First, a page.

The MX resource record in DNS refers to a mail exchange record.
An MX record will list the name of the email server, or several email servers, that are to be used for the domain.
When a user sends an email message, the mail transfer agent (MTA) asks the DNS of that particular recipient domain for the MX records. The MX record will give the host name or names of the mail servers accepting email for that domain. The sending MTA then creates a Simple Mail Transfer Protocol (SMTP) connection with one of the specified hosts.
In the case that there are several mail servers, the MTA will try to establish a connection with the host that has the lowest priority listed. Priority, or preference, is a way which companies may load balance how mail is received by their email servers. If the priority is the same, then email will be evenly balanced between all the servers, as shown in the example above. This also allows for the creation of High Availability (HA) clusters for each domain.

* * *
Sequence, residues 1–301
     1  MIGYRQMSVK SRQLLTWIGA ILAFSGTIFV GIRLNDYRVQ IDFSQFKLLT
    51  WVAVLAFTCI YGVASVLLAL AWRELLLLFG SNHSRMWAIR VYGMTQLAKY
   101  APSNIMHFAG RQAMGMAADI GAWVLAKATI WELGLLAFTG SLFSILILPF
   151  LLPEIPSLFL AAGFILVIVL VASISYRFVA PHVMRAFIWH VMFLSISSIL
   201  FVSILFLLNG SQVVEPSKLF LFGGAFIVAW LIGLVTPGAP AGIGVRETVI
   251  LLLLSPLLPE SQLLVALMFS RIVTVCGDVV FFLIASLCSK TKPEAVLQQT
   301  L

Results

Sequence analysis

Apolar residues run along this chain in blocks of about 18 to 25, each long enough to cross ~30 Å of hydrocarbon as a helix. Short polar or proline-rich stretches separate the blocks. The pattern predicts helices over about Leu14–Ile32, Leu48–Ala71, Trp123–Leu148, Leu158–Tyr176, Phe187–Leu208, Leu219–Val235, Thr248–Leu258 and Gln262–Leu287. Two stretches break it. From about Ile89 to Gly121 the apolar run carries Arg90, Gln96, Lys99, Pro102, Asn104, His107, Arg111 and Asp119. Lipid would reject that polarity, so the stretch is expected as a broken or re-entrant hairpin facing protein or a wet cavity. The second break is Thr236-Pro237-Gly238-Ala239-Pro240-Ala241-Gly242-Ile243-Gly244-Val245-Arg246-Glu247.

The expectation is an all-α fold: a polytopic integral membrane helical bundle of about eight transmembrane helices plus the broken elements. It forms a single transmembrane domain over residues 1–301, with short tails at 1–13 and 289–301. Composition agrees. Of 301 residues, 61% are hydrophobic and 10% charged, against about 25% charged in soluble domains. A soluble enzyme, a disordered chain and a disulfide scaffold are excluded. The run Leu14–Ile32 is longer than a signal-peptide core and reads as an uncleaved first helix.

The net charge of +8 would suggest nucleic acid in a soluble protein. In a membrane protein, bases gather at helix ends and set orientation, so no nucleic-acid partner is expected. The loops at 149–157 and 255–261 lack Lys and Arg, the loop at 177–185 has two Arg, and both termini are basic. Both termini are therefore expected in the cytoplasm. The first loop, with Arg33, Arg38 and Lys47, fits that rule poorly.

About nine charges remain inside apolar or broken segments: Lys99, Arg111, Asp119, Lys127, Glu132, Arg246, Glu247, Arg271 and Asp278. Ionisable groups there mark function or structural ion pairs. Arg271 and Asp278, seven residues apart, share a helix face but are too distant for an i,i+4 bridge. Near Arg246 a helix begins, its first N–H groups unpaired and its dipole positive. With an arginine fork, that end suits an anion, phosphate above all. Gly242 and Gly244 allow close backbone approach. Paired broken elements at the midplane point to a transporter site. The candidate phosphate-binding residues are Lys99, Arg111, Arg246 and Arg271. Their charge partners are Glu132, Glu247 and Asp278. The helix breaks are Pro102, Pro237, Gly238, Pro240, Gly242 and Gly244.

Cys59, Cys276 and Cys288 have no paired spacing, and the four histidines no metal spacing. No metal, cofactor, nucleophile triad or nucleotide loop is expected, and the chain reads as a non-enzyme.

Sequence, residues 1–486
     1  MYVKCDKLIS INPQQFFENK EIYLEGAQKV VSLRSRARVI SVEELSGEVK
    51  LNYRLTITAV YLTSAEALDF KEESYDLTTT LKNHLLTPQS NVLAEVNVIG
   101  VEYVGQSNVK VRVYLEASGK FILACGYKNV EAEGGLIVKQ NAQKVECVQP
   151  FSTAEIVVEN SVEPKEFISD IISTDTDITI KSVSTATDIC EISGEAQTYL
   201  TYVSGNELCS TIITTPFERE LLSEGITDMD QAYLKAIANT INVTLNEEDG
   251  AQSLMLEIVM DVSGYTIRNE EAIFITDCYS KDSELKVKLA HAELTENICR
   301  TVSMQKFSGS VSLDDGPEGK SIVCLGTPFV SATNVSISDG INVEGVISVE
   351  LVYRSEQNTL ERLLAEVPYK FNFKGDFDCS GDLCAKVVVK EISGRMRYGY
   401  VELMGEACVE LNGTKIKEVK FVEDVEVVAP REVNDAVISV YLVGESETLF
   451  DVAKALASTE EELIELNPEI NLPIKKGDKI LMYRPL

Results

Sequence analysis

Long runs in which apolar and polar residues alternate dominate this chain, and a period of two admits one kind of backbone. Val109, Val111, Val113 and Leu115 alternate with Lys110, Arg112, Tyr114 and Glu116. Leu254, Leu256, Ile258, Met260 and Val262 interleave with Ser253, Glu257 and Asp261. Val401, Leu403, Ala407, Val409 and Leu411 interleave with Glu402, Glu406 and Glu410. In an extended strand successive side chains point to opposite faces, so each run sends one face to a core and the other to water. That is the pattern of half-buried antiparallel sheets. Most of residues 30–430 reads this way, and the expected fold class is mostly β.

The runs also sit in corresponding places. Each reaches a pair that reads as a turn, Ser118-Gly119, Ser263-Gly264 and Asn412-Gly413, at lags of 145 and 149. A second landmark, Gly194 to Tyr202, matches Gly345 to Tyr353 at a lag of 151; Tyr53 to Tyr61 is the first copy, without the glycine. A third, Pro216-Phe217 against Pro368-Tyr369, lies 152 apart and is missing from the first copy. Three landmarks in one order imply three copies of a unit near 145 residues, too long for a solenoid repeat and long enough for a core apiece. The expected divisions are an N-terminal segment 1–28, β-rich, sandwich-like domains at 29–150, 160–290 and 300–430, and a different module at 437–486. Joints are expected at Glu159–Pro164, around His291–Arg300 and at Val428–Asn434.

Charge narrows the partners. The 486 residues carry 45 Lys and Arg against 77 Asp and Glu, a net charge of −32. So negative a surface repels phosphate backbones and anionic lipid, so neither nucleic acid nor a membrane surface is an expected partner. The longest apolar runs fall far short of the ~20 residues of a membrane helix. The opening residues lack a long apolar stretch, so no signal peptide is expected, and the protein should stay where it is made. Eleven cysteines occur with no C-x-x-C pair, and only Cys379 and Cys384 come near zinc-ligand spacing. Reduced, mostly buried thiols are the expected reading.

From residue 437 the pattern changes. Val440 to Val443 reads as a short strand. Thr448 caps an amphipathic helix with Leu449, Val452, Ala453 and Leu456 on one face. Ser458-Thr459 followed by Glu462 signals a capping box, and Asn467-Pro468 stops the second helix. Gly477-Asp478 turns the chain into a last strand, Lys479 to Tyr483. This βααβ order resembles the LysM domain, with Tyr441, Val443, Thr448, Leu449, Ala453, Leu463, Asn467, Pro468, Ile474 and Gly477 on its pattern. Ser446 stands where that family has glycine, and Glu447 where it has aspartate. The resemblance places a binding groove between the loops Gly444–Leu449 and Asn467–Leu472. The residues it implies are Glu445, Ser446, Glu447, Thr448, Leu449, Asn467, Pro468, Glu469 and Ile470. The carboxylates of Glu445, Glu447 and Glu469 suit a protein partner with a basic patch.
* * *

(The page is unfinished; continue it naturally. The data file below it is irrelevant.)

A third party may provide you with a backup email server, in the case that your email servers go down. This may also be created as a backup MX record within your DNS zone. Backup MX records will often just be assigned a lower priority so that they are used sparingly.
According to RFC 5321 an MX record is not required today, however it is a best practice. Often when domains do not have an MX record, mail sent from a domain which has no MX record may be filtered as SPAM by a mail server responsible for accepting email and therefore email delivery will fail.
This will depend on the DNS management tool being used. In Micetro, an MX record is created by doing the following:
You can use the nslookup tool in order to find information about MX records with a domain. Just go to the command line and type:
nslookup q=mx exampledomain.com